As you no doubt know, before Warner Classics acquired EMI's catalogue of music, EMI had repackaged a lot of their older material into mid-priced sets under the banners "Great Recordings of the Century" and "Great Artists of the Century." It's was as good a way as any of getting people's attention. In the case of this disc, the "Great Artist" is cellist Paul Tortelier (1914-1990), and he certainly seems worthy of the praise.
EMI made most of Tortelier's recordings from the 1950's onward, so the company had a good back catalogue of things to choose from. On this album, the cellist plays Tchaikovsky's Variations on a Rococo Theme; Faure's Elegie in C minor; Saint-Saens's Cello Concerto and Allegro appassionato; and Lalo's Cello Concerto. The performances are, as we would expect, uniformly excellent, displaying the musician's ability to produce strong, sleek, outgoing passages as well as quiet, introspective ones. Moreover, Maestros Herbert Menges and Louis Fremaux admirably accompany him with the Philharmonia and City of Birmingham Orchestras respectively.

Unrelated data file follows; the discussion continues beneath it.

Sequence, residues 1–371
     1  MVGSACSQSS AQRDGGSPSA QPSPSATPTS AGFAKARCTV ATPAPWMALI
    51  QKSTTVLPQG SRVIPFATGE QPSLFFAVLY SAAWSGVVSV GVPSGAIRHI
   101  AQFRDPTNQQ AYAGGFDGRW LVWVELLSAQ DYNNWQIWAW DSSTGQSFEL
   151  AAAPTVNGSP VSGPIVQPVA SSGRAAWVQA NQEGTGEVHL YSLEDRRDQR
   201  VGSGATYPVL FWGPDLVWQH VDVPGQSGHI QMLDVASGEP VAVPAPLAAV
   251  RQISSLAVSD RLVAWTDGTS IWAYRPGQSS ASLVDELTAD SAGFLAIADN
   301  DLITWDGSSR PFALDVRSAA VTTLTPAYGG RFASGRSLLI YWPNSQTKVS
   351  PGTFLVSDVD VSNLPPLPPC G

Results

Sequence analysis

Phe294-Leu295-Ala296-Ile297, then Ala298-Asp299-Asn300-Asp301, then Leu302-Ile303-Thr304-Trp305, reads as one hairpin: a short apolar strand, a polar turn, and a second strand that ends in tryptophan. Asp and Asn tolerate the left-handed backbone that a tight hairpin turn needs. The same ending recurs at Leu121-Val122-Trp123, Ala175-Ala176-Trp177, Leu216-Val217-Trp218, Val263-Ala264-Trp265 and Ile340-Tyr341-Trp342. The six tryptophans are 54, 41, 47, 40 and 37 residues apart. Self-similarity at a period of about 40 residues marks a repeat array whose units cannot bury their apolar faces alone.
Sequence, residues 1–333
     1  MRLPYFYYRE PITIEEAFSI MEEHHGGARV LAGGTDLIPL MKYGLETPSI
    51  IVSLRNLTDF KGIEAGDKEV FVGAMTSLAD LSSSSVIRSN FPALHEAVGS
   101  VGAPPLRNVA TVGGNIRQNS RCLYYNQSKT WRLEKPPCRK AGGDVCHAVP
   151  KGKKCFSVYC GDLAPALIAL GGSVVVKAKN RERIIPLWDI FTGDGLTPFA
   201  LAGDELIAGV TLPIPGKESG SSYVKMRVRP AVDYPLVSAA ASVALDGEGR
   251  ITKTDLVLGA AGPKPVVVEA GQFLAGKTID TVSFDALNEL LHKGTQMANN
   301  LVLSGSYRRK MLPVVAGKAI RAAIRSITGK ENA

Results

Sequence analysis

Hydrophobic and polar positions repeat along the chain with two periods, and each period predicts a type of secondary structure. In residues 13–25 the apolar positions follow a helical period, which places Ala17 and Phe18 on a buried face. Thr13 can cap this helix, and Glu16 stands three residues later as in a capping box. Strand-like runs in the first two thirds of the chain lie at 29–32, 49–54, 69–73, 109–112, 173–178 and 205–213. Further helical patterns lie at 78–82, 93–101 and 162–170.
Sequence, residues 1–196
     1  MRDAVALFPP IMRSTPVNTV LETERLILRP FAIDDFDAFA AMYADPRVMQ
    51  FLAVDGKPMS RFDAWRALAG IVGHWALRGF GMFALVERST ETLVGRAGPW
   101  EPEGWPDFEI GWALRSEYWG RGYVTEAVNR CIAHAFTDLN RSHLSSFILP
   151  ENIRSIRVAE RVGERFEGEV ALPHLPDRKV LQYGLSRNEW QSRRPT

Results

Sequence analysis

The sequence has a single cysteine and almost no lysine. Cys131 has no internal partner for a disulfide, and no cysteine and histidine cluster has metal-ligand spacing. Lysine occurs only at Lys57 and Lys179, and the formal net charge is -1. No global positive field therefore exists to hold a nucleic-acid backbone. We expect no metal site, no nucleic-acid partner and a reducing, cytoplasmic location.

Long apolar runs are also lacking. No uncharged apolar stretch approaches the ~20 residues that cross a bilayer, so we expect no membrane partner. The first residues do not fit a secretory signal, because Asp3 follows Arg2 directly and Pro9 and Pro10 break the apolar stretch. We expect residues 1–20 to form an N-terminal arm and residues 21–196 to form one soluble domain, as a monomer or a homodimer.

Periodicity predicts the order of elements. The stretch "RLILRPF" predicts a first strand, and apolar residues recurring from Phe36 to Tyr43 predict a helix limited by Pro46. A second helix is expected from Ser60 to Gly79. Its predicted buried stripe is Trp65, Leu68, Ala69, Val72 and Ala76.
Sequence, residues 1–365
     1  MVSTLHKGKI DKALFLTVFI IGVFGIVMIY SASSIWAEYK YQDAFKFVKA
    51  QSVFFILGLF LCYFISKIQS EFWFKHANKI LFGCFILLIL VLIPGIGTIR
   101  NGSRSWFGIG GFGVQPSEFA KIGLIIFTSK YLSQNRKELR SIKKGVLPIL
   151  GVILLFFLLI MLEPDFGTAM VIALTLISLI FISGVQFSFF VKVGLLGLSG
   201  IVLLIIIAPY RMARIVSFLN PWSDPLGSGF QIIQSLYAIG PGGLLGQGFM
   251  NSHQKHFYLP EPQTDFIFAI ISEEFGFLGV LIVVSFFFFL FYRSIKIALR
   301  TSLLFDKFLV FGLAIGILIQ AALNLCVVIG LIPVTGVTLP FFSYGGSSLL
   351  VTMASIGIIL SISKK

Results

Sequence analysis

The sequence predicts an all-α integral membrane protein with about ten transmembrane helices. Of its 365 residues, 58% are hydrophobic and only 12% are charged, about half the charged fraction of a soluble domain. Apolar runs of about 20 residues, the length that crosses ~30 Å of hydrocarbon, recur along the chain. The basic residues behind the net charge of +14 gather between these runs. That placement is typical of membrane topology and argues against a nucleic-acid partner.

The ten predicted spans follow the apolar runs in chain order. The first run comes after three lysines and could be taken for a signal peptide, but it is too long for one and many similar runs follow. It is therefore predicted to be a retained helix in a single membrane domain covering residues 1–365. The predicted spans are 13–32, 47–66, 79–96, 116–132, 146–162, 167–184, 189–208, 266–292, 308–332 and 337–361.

Yet it appears that the EMI engineers made a conscious effort to ensure that they all sounded as much alike as possible. Namely, they all seem a touch bright and lean. Now, understand, this is how most of EMI's Fifties' stereo sounded, but it is not necessarily how the Birmingham Symphony recordings sounded. Here's the interesting part: I have the same Lalo Concerto as here on an early EMI Studio CD, and comparing the older mastering to this new remaster, the old disc sounds slightly warmer, richer, and less bright. Did EMI intentionally brighten up the Lalo to make it fit in with the sound of the rest of selections this time out? I don't know. The other minor problem is that the early stereo in the Tchaikovsky piece tends slightly to favor the left side of the sound stage.
In any case, the sonics are never a distraction, and with playing of such distinction, I doubt anyone will care if they are. Even the mono sounds pretty good, fuller and better tonally balanced than most of the stereo on the disc; so, as I say, I can't imagine too many listeners complaining, especially if said listeners are already Tortelier fans.
To listen to a brief excerpt from this album, click on the forward arrow: